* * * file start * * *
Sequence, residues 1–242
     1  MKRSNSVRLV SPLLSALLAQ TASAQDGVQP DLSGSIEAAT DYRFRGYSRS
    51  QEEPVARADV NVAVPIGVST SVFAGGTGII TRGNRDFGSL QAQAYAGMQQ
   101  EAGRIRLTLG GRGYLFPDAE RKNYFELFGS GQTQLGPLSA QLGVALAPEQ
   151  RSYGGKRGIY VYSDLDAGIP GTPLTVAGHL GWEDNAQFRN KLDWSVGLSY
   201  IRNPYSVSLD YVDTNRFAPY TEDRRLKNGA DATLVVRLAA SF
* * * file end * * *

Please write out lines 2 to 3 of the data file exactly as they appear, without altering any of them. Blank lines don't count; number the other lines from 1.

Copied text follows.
     1  MKRSNSVRLV SPLLSALLAQ TASAQDGVQP DLSGSIEAAT DYRFRGYSRS
    51  QEEPVARADV NVAVPIGVST SVFAGGTGII TRGNRDFGSL QAQAYAGMQQ